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Carl Gunnarsson falls to the ice after a hit from Buffalo Sabres' forward Marcus Foligno. (Devin Duprey/Associated Press)
Carl Gunnarsson falls to the ice after a hit from Buffalo Sabres' forward Marcus Foligno. (Devin Duprey/Associated Press)

Gunnarsson done for season with separated shoulder Add to ...

The Toronto Maple Leafs are dropping like flies these days.

The latest to go down is defenceman Carl Gunnarsson, whose season is over after a big hit from Buffalo Sabres rookie Marcus Foligno separated his left shoulder in the first period of Tuesday's wild overtime affair.

The initial diagnosis Gunnarsson had that night in Buffalo was that he wouldn't required surgery, although he'll be meeting with more doctors on Wednesday afternoon.

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That it's only his shoulder, however, is good news given it at first appeared he suffered a concussion. (He also has no history of shoulder issues.)

"I've got a thick head," he joked after the Leafs finished practice.



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It's now unlikely Gunnarsson will be able to play for Sweden at home during the world championships, which are going to be held in Helsinki and Stockholm starting early next month.

"We'll see what management says," he said. "If they want me on the team and if they're willing to take a chance, depending on how long it's going to take to heal. I have no idea."

Gunnarsson joins Joffrey Lupul (shoulder), Mikhail Grabovski (leg), Nikolai Kulemin (hand), James Reimer (concussion) and David Steckel (lower body) in the ranks of the injured. The Leafs won't have to call up a defenceman, however as they were already carrying seven bodies there.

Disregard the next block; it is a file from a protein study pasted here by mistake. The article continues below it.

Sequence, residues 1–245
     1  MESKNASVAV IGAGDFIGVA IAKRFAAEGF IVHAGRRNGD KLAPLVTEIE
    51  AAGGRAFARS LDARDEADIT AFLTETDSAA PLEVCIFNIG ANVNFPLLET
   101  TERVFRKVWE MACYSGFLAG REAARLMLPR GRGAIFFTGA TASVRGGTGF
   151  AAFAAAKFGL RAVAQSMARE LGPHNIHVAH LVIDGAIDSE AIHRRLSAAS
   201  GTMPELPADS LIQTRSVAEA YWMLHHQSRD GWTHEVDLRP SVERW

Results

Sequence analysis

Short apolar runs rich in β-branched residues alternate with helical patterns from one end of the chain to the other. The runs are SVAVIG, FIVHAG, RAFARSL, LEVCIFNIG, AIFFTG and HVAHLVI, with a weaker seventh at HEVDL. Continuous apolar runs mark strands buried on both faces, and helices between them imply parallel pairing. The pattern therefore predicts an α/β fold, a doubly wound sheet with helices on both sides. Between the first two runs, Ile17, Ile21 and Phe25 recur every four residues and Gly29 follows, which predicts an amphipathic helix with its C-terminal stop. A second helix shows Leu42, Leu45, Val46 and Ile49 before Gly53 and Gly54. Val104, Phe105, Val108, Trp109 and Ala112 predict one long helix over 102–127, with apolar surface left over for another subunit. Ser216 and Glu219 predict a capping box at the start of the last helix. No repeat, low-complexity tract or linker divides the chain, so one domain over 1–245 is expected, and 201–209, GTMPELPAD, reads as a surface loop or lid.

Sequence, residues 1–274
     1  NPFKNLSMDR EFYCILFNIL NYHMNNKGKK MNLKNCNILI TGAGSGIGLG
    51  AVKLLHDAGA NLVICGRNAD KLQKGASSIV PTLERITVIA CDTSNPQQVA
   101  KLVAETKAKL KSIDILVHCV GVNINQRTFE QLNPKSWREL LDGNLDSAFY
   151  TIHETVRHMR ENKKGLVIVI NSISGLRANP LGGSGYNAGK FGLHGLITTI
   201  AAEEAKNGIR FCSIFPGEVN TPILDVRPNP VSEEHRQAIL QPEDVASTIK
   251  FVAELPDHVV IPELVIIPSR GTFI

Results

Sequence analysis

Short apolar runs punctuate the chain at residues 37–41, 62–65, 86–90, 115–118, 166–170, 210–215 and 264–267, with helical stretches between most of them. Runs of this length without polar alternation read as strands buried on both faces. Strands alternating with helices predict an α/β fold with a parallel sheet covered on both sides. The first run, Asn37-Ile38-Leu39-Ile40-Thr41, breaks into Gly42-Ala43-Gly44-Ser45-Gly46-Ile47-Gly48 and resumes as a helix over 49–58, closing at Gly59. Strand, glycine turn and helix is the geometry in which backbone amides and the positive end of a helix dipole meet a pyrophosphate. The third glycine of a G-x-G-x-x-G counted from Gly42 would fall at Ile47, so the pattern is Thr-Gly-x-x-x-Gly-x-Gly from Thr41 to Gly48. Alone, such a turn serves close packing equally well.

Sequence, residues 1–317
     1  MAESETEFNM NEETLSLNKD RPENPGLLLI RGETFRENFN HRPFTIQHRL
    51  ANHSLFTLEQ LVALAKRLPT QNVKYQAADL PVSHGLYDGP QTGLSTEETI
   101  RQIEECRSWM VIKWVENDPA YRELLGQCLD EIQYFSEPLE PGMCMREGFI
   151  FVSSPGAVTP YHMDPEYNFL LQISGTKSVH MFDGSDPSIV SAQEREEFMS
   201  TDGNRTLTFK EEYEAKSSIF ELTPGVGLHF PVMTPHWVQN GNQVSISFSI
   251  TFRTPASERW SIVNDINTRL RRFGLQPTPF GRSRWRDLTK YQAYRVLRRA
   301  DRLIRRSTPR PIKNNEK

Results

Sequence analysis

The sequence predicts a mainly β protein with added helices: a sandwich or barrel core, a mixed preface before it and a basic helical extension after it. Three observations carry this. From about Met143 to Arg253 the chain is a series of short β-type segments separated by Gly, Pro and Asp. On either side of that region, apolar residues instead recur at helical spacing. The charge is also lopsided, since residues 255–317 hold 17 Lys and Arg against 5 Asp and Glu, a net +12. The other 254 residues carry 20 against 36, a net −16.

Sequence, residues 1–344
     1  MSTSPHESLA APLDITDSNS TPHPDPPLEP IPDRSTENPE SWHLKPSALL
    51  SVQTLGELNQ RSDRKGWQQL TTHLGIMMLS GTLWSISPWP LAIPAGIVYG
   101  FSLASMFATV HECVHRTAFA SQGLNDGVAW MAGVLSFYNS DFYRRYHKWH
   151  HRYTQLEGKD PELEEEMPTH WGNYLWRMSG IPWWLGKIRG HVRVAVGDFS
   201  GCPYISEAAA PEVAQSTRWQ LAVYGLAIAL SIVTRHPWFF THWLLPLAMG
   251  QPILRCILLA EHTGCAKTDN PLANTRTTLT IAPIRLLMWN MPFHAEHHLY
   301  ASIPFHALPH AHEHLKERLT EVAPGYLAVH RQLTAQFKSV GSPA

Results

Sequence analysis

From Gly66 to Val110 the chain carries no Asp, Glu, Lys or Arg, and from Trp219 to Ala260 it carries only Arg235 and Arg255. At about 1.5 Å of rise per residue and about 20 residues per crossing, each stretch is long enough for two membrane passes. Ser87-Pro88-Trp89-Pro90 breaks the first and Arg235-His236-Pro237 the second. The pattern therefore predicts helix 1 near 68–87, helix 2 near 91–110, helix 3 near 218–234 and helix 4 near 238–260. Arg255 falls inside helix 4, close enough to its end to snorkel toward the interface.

Steckel and Grabovski may play by the end of the season, even though the remaining two games don't carry a lot of meaning.

"I saw him coming and wanted to make the play," Gunnarsson said of the hit. "I guess I tried to stay with the puck a split second too long. I just thought I could kind of spin off it in a better way, but he got me good. I've just got myself to blame.

"I was pissed off. I was mad at myself for letting me get injured; I didn't protect myself the way I should have. So I just wanted to go out there [for another shift]and keep playing. But I couldn't do it."

Gunnarsson has been one of the few Leafs to have a solid season, as he came into training camp expecting to fight for a job and ended up landing a role on the top pairing.

He finishes the season having averaged 22 minutes a night while facing other teams' top lines every game.

His plus-minus has been poor of late with the Leafs goaltending woes, but he has plenty of company there. (And if you take goaltending out of the mix, he looks fine.)

At 25 years old and on a bargain of a contract ($1.325-million) for another year, Gunnarsson will be sticking around even if GM Brian Burke is busy in the off-season.

"I was getting a lot of confidence from the coaches," Gunnarsson said of his season. "With them putting me in different situations, playing against top lines, power play and PK. From that standpoint, it's been better than last year, but I'm not happy with the season. We're not making the playoffs.

"But I got so much time on the ice – that was nothing I expected. That was just a bonus."

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